| Crime |

Sword-Wielding Chandler Woman Goes Medieval on Husband's Arm

Keep New Times Free
I Support
  • Local
  • Community
  • Journalism
  • logo

Support the independent voice of Phoenix and help keep the future of New Times free.

A Chandler woman went medieval on her husband during a weekend domestic squabble, slicing his arm with a two-and-a-half foot sword.

The fight between Louis and Pamela Haas took place on Sunday afternoon at their home near Chandler Boulevard and McClintock Drive, but that's about all the couple could agree on.

Police sped out to the home at about 4:45 p.m. following Louis' call to 911.

"My wife stabbed me," he told the operator in a recording of the call.

"Where's the knife at?"

"She's got it in her hand -- it's a huge sword," he answered, sounding somewhat in shock.

An out-of-breath Pamela also called 911 a minute later, saying her husband beat her and "hit me in the stomach."

Cops soon found Louis sitting on the ground outside the home, court records state, blood all over his arm and pants. The wound on his upper left arm was said to be about two inches long and and inch deep.

Pamela told cops she'd been working quietly in the computer room when her drunk husband attacked her, angry that she wouldn't give him the keys to the car. They'd had a fight earlier that day after he threw out some of her things.

He hit her two or three times in the head and punched her twice in the stomach, she said, spurring her to grab the sword "off the wall" to defend herself.

When police asked what she did after she stabbed Louis, she answered that she ran after him, telling him not to call police and wanting to see if he was okay.

Louis gave cops a different version events. He'd been lying down in bed, in their bedroom, following the morning tiff. When he told his wife he planned to move out, he said, she grabbed the sword from the bedroom and held it over her shoulder as they yelled at each other. He closed the bedroom door. She pushed it back open and stabbed him.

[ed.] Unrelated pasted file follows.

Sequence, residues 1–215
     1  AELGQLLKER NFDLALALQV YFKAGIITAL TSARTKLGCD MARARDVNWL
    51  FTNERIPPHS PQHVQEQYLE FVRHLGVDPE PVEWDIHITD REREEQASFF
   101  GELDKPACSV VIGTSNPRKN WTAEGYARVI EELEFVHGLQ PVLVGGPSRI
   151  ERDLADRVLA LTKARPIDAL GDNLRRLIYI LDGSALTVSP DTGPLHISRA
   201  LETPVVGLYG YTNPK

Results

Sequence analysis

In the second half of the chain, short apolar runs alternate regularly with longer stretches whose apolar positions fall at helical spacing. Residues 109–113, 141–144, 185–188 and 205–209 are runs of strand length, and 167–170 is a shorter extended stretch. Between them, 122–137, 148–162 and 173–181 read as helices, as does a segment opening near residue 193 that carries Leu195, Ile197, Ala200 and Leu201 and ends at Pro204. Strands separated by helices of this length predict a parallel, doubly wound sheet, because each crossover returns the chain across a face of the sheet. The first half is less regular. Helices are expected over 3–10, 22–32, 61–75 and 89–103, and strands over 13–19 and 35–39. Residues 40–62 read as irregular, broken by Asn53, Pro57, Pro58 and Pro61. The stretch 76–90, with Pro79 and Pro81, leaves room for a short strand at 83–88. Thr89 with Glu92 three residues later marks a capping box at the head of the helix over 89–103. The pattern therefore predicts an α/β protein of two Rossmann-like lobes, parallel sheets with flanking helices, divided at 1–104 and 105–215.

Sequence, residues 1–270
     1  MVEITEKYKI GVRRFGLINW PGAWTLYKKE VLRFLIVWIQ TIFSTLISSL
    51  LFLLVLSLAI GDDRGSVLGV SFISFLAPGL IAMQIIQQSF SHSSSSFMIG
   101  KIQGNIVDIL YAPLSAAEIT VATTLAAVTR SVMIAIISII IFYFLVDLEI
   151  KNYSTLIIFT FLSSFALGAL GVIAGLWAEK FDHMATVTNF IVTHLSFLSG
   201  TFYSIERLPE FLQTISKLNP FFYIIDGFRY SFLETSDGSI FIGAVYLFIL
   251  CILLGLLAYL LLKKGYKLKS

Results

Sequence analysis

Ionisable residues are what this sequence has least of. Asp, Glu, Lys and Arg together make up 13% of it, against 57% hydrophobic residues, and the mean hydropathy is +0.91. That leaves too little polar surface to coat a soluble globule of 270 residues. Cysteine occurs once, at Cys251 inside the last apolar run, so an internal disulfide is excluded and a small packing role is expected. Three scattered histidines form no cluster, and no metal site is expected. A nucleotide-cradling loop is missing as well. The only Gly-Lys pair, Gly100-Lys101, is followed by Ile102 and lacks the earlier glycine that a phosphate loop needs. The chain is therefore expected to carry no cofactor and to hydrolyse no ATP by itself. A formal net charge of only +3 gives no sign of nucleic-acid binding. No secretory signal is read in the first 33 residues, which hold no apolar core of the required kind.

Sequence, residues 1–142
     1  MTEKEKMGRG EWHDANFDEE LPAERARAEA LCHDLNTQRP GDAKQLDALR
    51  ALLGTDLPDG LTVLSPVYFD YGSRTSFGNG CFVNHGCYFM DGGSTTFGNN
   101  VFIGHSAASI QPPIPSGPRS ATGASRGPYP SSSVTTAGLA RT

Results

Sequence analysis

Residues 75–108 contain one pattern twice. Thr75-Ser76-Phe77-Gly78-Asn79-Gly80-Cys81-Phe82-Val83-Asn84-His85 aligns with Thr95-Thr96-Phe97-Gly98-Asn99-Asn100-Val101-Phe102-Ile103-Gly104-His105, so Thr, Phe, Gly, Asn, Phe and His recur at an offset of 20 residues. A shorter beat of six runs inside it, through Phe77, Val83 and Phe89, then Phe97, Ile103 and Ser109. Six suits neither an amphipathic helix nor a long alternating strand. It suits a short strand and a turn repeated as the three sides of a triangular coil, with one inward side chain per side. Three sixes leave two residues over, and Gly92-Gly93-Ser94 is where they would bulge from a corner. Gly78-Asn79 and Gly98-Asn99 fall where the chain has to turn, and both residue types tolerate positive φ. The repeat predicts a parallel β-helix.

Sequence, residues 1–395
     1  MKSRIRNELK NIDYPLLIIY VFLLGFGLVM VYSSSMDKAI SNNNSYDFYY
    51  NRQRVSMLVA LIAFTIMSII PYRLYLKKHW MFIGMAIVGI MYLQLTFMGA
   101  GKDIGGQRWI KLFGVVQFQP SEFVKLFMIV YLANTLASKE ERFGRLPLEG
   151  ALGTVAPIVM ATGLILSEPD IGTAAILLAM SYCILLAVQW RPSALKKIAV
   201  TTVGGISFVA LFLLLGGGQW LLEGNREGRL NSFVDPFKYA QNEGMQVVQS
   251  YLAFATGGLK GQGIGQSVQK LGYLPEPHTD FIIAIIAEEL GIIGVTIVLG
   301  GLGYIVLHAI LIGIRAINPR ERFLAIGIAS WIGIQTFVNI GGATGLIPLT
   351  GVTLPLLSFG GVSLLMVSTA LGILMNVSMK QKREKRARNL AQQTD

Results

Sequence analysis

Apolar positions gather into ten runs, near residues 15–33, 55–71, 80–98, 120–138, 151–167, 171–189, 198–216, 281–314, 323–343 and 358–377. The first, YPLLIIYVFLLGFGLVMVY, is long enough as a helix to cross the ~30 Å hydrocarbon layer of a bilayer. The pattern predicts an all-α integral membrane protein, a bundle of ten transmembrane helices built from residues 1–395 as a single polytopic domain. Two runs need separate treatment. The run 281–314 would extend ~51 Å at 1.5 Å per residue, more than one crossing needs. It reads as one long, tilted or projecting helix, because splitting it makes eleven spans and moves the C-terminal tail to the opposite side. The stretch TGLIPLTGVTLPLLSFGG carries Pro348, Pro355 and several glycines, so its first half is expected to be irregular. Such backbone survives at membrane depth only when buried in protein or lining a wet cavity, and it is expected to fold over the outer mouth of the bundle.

"...She told him she could get him a Band-Aid and it was not serious," police wrote in court documents.

Blood was also found in the computer room, apparently making police suspicious that Louis hadn't told the whole truth.

Louis told police he didn't want Pamela to get in trouble, but cops arrested his wife and seek charges of aggravated assault.

Police sent us the above picture of the blood-dotted sword. It looks like a copy of a medieval weapon, but we doubt anything like that was ever used in actual combat due to the obvious danger to the user. A quick hunt on the Internet leads us to believe this is type of "fantasy double-sword."

That, in turn, leads us to wonder what kind of fantasies ran through this couple's head each time they looked at the weapon hanging on their bedroom wall.

Keep Phoenix New Times Free... Since we started Phoenix New Times, it has been defined as the free, independent voice of Phoenix, and we would like to keep it that way. Offering our readers free access to incisive coverage of local news, food and culture. Producing stories on everything from political scandals to the hottest new bands, with gutsy reporting, stylish writing, and staffers who've won everything from the Society of Professional Journalists' Sigma Delta Chi feature-writing award to the Casey Medal for Meritorious Journalism. But with local journalism's existence under siege and advertising revenue setbacks having a larger impact, it is important now more than ever for us to rally support behind funding our local journalism. You can help by participating in our "I Support" membership program, allowing us to keep covering Phoenix with no paywalls.

We use cookies to collect and analyze information on site performance and usage, and to enhance and customize content and advertisements. By clicking 'X' or continuing to use the site, you agree to allow cookies to be placed. To find out more, visit our cookies policy and our privacy policy.


Join the New Times community and help support independent local journalism in Phoenix.


Join the New Times community and help support independent local journalism in Phoenix.